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we know that, depending on the specification of our system, we design our power supply, which may be either a Linear Power Supply, or an SMPS.

But, if there are no constraints of size, efficiency, for an application, how do we decide the trade off between the SMPS and the Linear power supply. How do we decide or calculate, that for a particular application, SMPS or a Linear Power Supply would be better. How do we decide or calculate the losses in both the system, for a particular application, i.e., if the core losses would be more in a Linear Power Supply, or the switching losses and the core loss of an SMPS would be more.

How do we decide between the two, which one to use and where.

The SMPS being an isolated topology in the above question.

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If you have no technical requirement that allows you to choose between two design options, then you will want to choose the option with the lowest cost.

Choosing between a linear and a switching power supply, the linear option will typically be the lower cost one. But if the power dissipation gets too great, the heat sink required for the linear supply could conceivably increase the cost enough to make the switching option preferable.

How do we decide or calculate, that for a particular application, SMPS or a Linear Power Supply would be better.

You'd have to consider the requirements of your application first, in order to determine what "better" means for a particular design. It might mean lowest cost. It might mean most efficient. It might mean lowest voltage ripple. It might mean smallest board area or least weight. Most likely it will be a balance between several parameters.

In some applications we might even choose to use both: A SMPS pre-regulator to achieve reasonable efficiency with a linear regulator to reach the final output voltage with low ripple.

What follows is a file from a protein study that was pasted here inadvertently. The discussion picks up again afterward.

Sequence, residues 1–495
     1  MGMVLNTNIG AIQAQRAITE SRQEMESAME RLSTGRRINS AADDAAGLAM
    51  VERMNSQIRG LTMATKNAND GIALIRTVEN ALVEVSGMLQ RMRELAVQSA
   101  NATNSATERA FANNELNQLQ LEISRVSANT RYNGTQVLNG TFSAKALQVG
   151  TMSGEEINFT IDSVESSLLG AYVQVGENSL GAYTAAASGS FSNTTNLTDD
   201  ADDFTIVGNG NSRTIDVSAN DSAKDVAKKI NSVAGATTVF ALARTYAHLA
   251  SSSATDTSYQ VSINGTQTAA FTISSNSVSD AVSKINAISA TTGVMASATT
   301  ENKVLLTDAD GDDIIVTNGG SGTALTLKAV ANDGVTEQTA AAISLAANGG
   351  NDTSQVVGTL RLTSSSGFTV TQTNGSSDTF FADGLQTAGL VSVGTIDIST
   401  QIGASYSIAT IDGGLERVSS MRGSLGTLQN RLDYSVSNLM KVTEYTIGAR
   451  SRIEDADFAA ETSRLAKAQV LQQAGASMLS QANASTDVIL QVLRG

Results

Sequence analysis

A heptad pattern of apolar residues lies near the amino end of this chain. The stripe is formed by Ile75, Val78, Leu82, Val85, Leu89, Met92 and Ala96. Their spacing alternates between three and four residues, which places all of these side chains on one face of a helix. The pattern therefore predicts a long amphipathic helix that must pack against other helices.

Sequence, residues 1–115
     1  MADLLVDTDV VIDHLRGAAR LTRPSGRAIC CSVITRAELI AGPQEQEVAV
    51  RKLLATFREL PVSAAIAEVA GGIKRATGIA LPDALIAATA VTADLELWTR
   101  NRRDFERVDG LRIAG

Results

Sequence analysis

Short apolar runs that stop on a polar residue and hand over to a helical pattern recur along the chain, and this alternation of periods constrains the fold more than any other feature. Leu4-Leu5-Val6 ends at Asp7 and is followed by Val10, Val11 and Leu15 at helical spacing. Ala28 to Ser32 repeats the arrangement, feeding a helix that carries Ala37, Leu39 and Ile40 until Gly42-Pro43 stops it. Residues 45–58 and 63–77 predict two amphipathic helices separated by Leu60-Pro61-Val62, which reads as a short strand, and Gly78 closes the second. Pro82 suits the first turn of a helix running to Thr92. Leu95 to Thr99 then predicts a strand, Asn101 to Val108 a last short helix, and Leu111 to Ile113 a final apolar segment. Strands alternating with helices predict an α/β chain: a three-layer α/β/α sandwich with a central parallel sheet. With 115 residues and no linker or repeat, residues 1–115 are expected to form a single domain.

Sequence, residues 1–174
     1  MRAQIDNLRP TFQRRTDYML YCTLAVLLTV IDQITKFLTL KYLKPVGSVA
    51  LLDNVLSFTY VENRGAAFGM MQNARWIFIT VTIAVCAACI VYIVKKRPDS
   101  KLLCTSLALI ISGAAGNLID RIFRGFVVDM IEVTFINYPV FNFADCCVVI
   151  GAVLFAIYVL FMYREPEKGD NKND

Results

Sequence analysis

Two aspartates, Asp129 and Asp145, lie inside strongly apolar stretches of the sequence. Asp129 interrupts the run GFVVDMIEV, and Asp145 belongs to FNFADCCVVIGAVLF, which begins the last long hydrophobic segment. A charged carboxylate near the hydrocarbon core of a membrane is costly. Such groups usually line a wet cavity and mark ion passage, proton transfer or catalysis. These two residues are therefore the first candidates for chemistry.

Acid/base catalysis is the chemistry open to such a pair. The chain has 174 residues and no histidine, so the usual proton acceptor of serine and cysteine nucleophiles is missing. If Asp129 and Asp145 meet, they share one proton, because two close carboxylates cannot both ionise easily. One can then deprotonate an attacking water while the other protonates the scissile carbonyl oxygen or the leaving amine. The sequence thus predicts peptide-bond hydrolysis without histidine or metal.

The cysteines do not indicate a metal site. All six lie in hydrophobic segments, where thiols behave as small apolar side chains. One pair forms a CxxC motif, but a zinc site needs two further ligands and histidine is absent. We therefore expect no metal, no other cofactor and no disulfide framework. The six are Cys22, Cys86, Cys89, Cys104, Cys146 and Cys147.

How do we decide or calculate the losses in both the system, for a particular application, ...

You'd have to design two candidate supplies, and then analyze the efficiency of each one.

i.e., if the core losses would be more in a Linear Power Supply, or the switching losses and the core loss of an SMPS would be more.

Unless the output voltage is very close to the output voltage (say \$V_{out}>0.9 V_{in}\$) you will almost certainly be able to design a more efficient switching supply.

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  • \$\begingroup\$ I need the power supply for an embedded application and to run a small high torque dc motor. \$\endgroup\$ – APM Feb 1 at 5:57
  • \$\begingroup\$ @ANIRUDDH, that's certainly interesting, but it isn't part of the question that was asked. \$\endgroup\$ – The Photon Feb 1 at 5:58
  • \$\begingroup\$ how to calculate the losses in the linear power supply and an smps \$\endgroup\$ – APM Feb 1 at 7:27
  • \$\begingroup\$ @APM, losses in a linear supply are \$(V_{in}-V_{out})I_{out}+V_{in}I_q\$. Losses in an SMPS are much much more complicated and generally need to be worked out from simulation rather than a simple formula. With good design, and depending on requirements, losses in an SMPS can be between 5% and 15% of input power (i.e. efficiency can be 85 to 95%). \$\endgroup\$ – The Photon Feb 1 at 16:02

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